Peron with disability

How Early Covid-19 Responses Ignored Persons With Disabilities

What distance can a person with visual impairment keep as a measure of curbing the spread of  Covid -19 ? What does the washing of hands represent for people with mobility challenges?

These and many more,  were the questions absent from early responses to the Covid-19 pandemic.

The world was shocked from a slumber by the out break of the Coronavirus pandemic that spread across the world like a wild fire.

Experts say Covid-19 is an acute respiratory illness in humans caused by a coronavirus, capable of producing severe symptoms and in some cases death, especially in older people and those with underlying health conditions. It was originally identified in China in 2019 and became pandemic in 2020.

Different countries and governments tried various treatment protocols, but preventive measures are deemed as the likely measure to keep the virus at bay.

However, these measures according to Comfort Mussa, media person and Advocate for the rights of persons with disabilities, were ‘disability blind’-do not take into account persons with visual impairment.

“Maintaining social distance does not translate to everybody, how can this be communicated to people who cannot see, what does the distance looks like? What does hand washing mean for people with mobility challenges, for people who need caregivers?,  she quizzed.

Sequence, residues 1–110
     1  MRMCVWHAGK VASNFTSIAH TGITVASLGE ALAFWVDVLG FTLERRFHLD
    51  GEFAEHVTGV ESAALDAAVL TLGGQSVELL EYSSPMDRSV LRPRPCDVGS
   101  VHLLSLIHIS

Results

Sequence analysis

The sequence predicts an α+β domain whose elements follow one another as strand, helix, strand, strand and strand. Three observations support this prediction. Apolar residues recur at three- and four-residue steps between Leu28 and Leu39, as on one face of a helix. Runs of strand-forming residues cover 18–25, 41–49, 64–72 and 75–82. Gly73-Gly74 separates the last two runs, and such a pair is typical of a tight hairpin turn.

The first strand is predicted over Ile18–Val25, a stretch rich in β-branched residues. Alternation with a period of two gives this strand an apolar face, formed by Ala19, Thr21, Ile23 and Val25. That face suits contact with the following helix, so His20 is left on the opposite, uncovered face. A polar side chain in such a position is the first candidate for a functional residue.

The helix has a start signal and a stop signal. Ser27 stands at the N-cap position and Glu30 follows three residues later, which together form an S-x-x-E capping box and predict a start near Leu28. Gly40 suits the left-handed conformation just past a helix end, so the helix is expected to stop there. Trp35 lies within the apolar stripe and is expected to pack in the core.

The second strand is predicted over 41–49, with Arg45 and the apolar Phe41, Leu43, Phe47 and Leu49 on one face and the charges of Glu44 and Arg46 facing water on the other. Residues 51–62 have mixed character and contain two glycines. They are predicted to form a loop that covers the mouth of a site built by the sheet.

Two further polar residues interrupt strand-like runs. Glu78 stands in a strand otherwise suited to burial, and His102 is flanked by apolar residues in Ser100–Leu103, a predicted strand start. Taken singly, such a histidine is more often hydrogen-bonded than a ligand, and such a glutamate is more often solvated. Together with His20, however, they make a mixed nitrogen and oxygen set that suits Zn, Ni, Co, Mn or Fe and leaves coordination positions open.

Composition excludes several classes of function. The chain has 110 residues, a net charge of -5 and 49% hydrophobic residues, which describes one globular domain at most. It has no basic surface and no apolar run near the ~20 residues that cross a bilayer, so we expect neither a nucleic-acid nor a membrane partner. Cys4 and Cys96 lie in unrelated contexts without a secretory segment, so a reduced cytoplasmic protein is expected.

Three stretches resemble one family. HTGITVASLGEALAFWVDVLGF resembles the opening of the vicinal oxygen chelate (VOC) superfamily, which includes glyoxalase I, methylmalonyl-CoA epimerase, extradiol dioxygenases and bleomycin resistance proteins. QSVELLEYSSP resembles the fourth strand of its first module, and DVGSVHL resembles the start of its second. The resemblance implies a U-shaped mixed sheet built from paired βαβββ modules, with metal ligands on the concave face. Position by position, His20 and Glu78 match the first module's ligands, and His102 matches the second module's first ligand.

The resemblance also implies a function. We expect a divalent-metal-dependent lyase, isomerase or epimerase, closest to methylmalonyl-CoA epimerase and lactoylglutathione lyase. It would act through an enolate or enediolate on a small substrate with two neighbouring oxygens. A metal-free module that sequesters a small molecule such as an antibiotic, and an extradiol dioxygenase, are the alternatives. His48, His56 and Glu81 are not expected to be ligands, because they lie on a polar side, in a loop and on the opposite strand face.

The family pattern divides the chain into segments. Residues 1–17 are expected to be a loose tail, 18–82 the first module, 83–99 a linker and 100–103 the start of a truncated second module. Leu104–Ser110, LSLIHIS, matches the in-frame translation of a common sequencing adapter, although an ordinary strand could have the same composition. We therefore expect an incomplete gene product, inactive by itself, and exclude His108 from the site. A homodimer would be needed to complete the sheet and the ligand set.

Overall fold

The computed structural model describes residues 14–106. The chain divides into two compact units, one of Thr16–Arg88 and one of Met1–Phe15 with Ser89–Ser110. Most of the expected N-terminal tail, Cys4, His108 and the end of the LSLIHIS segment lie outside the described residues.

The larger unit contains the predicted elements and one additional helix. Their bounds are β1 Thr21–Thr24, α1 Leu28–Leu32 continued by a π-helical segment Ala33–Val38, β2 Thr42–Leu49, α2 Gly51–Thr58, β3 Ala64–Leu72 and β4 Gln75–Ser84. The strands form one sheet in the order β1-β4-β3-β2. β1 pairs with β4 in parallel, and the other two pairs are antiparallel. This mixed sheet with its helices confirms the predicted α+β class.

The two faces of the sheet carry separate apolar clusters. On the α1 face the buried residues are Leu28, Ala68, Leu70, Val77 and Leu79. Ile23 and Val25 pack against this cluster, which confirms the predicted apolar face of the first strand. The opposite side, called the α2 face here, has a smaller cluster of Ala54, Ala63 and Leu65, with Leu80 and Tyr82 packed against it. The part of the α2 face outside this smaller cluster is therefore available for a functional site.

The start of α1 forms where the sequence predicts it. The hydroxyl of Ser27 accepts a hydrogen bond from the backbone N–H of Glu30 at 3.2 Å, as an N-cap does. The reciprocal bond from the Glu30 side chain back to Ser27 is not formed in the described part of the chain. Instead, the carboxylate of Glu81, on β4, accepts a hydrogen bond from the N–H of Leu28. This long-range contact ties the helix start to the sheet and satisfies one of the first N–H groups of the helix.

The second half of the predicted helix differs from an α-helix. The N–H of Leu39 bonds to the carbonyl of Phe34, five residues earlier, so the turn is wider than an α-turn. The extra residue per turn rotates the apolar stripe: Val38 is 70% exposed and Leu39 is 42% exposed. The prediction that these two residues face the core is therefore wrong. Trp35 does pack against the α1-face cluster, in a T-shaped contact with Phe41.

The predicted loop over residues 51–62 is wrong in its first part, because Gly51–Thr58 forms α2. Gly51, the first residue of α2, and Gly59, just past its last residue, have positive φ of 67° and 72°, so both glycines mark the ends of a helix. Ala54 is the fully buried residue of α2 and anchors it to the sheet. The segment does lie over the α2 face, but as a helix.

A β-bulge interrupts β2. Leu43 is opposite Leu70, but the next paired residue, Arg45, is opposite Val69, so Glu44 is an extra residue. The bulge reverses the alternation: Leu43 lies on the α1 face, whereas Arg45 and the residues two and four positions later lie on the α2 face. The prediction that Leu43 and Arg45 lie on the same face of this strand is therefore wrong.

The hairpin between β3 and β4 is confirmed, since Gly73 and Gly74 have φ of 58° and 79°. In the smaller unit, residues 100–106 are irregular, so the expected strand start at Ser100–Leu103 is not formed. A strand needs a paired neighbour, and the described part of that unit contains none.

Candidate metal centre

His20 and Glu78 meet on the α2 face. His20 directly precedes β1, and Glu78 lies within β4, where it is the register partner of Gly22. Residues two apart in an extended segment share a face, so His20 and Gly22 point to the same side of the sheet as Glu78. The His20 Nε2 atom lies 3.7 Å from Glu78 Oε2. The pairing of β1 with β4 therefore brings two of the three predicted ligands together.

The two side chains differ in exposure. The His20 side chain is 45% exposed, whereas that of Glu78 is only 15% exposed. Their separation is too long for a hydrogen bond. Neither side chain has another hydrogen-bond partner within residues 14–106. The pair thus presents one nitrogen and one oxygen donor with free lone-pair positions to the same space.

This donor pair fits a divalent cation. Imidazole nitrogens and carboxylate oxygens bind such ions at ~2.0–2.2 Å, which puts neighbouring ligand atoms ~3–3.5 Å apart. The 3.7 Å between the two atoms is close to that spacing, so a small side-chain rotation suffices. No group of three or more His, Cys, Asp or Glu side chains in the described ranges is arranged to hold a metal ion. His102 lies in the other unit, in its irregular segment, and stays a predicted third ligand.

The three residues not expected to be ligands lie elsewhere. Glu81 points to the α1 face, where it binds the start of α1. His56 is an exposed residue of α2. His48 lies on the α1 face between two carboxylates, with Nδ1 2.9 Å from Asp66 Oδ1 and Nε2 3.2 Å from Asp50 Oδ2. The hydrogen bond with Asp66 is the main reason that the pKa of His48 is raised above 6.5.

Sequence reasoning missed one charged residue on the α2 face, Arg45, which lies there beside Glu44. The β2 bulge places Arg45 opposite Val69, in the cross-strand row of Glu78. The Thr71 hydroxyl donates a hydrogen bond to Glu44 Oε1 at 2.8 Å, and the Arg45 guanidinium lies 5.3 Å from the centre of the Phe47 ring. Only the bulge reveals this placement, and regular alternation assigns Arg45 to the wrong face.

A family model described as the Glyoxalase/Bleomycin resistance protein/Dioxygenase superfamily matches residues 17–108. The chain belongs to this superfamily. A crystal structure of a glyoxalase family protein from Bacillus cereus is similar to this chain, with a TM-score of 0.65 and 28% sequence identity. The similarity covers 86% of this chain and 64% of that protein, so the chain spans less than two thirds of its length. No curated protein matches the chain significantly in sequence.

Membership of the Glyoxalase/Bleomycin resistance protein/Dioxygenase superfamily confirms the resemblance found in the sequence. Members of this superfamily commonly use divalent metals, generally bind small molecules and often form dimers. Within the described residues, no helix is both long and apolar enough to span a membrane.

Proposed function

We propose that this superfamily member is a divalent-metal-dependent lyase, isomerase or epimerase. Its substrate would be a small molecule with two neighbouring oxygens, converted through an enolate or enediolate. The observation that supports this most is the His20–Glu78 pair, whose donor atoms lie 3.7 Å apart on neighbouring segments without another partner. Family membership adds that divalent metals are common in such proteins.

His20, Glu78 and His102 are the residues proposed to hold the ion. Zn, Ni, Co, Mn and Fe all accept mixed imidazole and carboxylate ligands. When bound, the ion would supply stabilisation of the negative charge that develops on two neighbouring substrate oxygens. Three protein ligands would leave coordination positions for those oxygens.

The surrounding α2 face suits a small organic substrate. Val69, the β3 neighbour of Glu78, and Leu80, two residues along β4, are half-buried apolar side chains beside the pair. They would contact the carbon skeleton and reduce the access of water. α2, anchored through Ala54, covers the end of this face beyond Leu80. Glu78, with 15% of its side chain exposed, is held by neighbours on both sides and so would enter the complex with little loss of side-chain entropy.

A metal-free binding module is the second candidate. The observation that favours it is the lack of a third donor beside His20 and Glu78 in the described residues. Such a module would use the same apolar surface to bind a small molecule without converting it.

According to her, Covid-19 early national responses from government and civil societies left out persons with disabilities. 

“Covid-19 is still around and would not be over for any body until it is over for everybody. The voices of people with disabilities are still missing where policies are made. Unless you live with people with disabilities, you cannot think about their needs in planning”, Mussa said.

Comfort Muss was part of ‘People of Commonwealth critical conversations on ‘Equity and Justice in Covid-19 Responses’, skillfully moderated by Hilary Ghedemah- a Lawyer with 44 years of experience in academia , legal practice, advocacy, national and international policy.

Experts on the occasion identified the weaknesses in the responses, ranging from the non inclusion of persons with disabilities, to how the pandemic deepen existing poverty, especially through lockdowns and curfews.  

Some measures like lockdowns created even more problems for women such as increase domestic and gender violence with confinements.

Panelists from, Nigeria, Ghana, Sierra Leone and other countries all agreed that women were experiencing the pandemic differently from men.

Women and persons with disabilities should be given a space at the decision making table for them to contribute to meaningful changes in the Covid-19 response, panelists concluded.